View details for DOI 10.1242/dev.129627
View details for Web of Science ID 000384749400003
View details for PubMedID 26811385
View details for PubMedCentralID PMC4813340
The Jak-STAT Target Chinmo Prevents Sex Transformation of Adult Stem Cells in the Drosophila Testis Niche
2014; 31 (4): 474–86
Local signals maintain adult stem cells in many tissues. Whether the sexual identity of adult stem cells must also be maintained was not known. In the adult Drosophila testis niche, local Jak-STAT signaling promotes somatic cyst stem cell (CySC) renewal through several effectors, including the putative transcription factor Chronologically inappropriate morphogenesis (Chinmo). Here, we find that Chinmo also prevents feminization of CySCs. Chinmo promotes expression of the canonical male sex determination factor DoublesexM (Dsx(M)) within CySCs and their progeny, and ectopic expression of DsxM in the CySC lineage partially rescues the chinmo sex transformation phenotype, placing Chinmo upstream of Dsx(M). The Dsx homolog DMRT1 prevents the male-to-female conversion of differentiated somatic cells in the adult mammalian testis, but its regulation is not well understood. Our work indicates that sex maintenance occurs in adult somatic stem cells and that this highly conserved process is governed by effectors of niche signals. PAPERCLIP:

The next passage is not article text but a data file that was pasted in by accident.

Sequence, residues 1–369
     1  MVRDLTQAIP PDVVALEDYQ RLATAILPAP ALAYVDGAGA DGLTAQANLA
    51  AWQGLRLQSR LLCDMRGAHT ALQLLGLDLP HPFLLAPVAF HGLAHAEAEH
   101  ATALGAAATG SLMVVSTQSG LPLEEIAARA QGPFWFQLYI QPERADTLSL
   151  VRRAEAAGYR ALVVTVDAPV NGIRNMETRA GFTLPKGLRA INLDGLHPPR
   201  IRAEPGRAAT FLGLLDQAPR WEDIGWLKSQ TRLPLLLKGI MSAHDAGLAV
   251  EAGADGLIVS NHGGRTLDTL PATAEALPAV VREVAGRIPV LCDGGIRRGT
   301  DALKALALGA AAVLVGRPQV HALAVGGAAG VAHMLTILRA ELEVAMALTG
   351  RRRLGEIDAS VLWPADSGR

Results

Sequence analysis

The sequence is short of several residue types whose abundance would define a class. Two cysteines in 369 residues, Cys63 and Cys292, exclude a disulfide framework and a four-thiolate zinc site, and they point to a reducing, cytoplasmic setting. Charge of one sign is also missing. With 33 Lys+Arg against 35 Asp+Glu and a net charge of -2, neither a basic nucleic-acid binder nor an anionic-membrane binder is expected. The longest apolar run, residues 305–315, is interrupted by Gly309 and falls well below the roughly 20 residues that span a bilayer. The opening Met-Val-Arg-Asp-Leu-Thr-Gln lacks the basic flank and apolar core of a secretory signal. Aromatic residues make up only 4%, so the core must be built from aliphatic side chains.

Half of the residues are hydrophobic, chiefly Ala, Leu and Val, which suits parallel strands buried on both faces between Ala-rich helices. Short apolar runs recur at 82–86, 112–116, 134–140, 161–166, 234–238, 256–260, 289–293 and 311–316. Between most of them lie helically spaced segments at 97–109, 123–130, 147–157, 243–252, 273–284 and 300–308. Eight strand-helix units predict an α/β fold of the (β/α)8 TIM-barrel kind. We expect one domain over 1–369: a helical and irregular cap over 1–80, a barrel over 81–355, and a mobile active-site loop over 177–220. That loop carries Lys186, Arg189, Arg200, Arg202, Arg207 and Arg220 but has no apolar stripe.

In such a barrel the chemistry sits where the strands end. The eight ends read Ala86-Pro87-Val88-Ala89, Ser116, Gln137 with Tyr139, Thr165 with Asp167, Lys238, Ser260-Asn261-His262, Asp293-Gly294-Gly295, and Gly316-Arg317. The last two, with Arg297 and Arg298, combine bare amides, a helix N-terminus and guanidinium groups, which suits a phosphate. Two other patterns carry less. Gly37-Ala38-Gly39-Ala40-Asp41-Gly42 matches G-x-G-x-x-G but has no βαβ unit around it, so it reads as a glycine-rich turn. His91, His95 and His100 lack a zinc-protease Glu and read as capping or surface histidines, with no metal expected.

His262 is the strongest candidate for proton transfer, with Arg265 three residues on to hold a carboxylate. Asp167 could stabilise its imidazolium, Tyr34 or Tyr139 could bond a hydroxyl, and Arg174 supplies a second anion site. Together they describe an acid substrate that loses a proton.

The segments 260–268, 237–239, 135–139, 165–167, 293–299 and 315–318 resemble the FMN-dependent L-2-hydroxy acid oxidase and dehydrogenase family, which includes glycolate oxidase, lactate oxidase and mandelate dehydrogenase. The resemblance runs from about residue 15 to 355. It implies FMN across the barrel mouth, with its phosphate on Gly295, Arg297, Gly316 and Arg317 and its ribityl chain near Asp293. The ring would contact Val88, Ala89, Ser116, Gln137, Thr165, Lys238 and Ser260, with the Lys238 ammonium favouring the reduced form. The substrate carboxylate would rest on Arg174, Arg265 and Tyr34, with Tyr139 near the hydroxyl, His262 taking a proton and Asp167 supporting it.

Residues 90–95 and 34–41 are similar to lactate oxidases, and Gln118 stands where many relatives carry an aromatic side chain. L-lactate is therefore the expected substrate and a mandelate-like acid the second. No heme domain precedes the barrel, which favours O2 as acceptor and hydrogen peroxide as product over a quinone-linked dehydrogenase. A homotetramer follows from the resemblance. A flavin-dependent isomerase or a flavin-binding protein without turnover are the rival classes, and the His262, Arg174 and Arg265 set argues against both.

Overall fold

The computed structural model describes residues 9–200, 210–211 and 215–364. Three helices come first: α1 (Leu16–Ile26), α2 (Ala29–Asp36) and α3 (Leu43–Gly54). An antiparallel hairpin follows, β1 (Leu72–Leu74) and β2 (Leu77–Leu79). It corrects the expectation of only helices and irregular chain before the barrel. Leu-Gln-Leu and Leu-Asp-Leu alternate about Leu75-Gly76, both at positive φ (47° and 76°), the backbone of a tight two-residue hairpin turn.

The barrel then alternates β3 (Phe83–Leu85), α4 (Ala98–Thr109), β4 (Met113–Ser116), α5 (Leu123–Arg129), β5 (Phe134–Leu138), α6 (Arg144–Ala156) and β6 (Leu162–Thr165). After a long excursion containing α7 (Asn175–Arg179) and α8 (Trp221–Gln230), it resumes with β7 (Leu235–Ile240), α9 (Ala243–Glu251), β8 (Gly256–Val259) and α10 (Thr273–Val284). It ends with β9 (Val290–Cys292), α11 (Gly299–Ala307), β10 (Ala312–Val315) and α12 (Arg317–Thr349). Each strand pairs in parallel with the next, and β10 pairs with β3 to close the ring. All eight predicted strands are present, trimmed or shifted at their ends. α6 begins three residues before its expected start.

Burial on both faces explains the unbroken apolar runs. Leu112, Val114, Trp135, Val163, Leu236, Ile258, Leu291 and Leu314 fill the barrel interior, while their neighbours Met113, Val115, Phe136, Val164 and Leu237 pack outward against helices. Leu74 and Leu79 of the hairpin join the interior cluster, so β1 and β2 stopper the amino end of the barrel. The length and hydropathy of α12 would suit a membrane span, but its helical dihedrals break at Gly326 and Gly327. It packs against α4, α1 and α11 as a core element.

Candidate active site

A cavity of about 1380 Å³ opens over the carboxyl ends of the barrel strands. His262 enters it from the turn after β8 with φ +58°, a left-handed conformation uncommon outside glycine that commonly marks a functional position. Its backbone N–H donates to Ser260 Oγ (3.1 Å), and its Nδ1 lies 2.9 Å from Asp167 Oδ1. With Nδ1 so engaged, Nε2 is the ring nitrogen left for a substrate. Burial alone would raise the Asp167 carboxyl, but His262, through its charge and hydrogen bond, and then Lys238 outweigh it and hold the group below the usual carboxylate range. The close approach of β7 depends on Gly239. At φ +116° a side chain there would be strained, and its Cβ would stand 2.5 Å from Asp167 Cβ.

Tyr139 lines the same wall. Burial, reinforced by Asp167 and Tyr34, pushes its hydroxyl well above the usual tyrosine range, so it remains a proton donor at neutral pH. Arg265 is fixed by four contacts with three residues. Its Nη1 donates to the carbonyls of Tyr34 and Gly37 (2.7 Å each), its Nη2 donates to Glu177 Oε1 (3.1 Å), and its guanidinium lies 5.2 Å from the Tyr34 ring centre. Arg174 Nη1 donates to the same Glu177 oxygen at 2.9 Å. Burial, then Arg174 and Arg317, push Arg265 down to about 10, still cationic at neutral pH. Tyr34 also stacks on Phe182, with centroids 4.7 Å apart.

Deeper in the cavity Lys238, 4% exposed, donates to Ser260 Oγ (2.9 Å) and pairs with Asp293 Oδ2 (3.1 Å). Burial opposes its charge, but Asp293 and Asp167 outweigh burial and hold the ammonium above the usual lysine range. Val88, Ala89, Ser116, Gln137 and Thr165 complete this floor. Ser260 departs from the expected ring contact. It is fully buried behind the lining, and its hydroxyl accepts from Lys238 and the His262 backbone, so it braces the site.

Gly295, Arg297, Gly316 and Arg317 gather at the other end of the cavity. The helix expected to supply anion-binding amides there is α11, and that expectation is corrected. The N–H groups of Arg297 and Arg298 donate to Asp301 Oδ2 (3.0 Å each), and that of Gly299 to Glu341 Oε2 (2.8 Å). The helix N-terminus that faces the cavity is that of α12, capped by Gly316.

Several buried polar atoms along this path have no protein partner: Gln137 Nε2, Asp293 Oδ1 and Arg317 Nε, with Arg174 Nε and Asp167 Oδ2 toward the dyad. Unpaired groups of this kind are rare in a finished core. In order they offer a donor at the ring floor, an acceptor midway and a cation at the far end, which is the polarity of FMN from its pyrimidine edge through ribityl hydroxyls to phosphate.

View details for DOI 10.1016/j.devcel.2014.10.004
View details for Web of Science ID 000345540200012
View details for PubMedID 25453558
View details for PubMedCentralID PMC4254588
Steroid signaling promotes stem cell maintenance in the Drosophila testis
2014; 394 (1): 129–41